Our position can be succinctly stated. It would be helpful if police officers had the discretion to close premises if antisocial behaviour arose from the use of class B and class C drugs on those premises. As I pointed out in Committee, if one property in a street—and this is particularly true of tourist resorts with many small bed-and-breakfast establishments—becomes known as a place where drug dealing takes place, the bad drives out the good. The good hotelier, who is uninvolved in drugs, will get fewer and fewer customers, because it becomes known that the street contains a property that is used for drug dealing, the consumption of drugs or both. Because of such antisocial behaviour, we say that if the police had the discretion to intervene even in cases in which it cannot be proved that class A drugs are involved, it would be in the interests of the law-abiding members of the community.

The Government's response in Committee was that there is a particular problem with class A drugs—for example, crack houses—and we accept that. Many members of the Committee made that point from their knowledge of their constituencies and other inner-city areas. However, our response was that problems could arise from other drug use. The hon. Member for Gedling (Vernon Coaker), in particular, gave us some support for that view from the Labour Back Benches. If premises are used to produce, manufacture or distribute class B or C drugs, people—especially young people—can be drawn into the drugs subculture. We accept that some of the existing powers may not always be used properly by the forces of law and order, and local people often put pressure on them to do more. The powers in the Bill that are restricted to class A drugs could, if used properly, provide some extra strings for the police's bow. From my experience over many years, both prosecuting and defending drugs cases at the Bar in the midlands, I know that the problems are not restricted to class A drugs.

I hope that the Government will continue to consider the matter thoroughly. Even if they cannot accept amendments Nos. 62 to 69, we would be delighted if the Minister will undertake to keep the matter under review and consult with local authorities and senior police officers. Many of them will tell her that it would be useful if the powers were not restricted solely to class A drugs.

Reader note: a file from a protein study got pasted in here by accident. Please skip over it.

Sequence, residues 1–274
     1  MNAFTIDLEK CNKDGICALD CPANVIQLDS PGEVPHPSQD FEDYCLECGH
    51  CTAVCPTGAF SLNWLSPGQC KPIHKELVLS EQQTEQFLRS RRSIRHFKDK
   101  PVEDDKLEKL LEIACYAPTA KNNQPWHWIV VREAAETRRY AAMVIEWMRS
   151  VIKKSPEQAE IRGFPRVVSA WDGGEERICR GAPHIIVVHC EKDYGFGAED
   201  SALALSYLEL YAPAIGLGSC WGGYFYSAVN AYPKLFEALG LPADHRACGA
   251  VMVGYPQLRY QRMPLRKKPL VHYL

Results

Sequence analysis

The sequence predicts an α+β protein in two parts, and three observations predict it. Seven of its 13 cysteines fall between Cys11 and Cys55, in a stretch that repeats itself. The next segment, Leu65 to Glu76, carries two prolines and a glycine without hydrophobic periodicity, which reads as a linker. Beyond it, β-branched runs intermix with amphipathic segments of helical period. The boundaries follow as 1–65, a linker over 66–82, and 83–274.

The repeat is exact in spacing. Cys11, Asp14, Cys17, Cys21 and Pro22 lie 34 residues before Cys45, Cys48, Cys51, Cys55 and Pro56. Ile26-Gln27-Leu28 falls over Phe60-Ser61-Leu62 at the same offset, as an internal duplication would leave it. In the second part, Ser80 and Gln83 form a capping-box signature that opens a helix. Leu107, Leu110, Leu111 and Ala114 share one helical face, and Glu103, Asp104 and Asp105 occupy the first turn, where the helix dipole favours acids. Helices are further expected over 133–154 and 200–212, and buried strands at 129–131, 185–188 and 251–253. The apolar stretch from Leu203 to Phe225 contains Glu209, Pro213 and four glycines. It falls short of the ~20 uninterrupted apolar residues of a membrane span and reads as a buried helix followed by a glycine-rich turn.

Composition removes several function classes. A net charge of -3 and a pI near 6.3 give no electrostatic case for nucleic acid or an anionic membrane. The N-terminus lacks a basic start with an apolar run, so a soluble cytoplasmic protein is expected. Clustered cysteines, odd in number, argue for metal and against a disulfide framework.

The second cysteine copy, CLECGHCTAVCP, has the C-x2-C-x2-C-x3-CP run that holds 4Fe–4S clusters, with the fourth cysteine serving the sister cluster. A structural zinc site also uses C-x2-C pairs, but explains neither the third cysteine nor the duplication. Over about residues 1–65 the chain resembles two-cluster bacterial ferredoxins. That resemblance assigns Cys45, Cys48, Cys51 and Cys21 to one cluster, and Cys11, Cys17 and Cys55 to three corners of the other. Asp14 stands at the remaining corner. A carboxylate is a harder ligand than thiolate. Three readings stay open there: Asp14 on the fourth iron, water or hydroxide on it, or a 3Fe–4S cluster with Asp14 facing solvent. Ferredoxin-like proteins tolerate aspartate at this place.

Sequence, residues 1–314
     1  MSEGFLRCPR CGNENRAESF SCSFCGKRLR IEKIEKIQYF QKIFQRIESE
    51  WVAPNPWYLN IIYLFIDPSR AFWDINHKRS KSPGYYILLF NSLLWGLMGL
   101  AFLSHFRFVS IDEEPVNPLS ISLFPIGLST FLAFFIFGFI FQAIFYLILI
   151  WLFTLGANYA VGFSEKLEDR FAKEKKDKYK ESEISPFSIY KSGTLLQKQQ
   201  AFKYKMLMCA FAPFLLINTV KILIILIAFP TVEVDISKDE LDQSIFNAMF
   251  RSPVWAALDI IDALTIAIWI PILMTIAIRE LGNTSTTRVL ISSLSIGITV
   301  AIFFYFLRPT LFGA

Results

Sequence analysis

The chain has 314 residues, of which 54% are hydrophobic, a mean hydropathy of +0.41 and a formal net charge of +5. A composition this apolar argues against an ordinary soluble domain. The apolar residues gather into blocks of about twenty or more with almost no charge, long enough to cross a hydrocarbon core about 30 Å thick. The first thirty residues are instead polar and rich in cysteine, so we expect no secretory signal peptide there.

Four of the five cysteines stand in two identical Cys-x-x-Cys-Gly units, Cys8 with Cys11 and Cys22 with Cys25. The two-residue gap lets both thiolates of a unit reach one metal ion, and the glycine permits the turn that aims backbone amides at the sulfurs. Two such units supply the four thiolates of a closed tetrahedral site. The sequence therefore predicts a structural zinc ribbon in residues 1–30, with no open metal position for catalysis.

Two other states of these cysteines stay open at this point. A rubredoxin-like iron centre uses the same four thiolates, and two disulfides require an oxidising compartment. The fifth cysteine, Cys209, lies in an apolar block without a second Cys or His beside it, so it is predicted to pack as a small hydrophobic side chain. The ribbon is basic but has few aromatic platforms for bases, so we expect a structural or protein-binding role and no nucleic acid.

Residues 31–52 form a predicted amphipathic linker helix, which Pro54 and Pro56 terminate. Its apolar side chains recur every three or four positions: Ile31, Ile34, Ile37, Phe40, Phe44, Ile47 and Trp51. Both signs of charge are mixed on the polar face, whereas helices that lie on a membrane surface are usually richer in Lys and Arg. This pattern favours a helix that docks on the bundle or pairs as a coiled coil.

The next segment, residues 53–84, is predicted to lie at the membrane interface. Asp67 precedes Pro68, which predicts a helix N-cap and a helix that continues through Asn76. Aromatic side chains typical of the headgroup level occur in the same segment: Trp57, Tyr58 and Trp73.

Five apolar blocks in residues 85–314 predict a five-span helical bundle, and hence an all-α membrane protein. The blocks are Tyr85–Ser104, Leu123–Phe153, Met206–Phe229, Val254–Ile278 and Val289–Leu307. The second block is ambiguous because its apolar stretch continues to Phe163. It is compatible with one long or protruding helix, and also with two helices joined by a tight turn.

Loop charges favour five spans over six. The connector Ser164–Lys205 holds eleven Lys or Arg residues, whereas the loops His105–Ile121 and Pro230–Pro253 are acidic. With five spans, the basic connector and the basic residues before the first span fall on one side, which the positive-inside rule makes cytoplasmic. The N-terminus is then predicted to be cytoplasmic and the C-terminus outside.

3 pm

I wish to begin by putting on record the thanks of Liberal Democrat Members for the work done in Standing Committee by the former Under-Secretary, the hon. Member for Coventry, North-East (Mr. Ainsworth) and for the part that he played in our debates. We may have had some quite strong disagreements, but the then Minister's good humour and ability to listen to all points of view was very welcome.

I too shall be brief. We had a comprehensive discussion in Committee of this part of the Bill. There was a strong feeling that the aim should be to target class A drugs, to tackle very serious issues of antisocial behaviour, and to use resources effectively.

The Conservative amendments are strange in places. They would mean that ordinary households could face closure notices, and their inclusion of class C drugs could lead to the criminalisation of millions of people. That would be less than productive, given the specific aim of the Bill. We need effective action to deal with what is a very serious problem.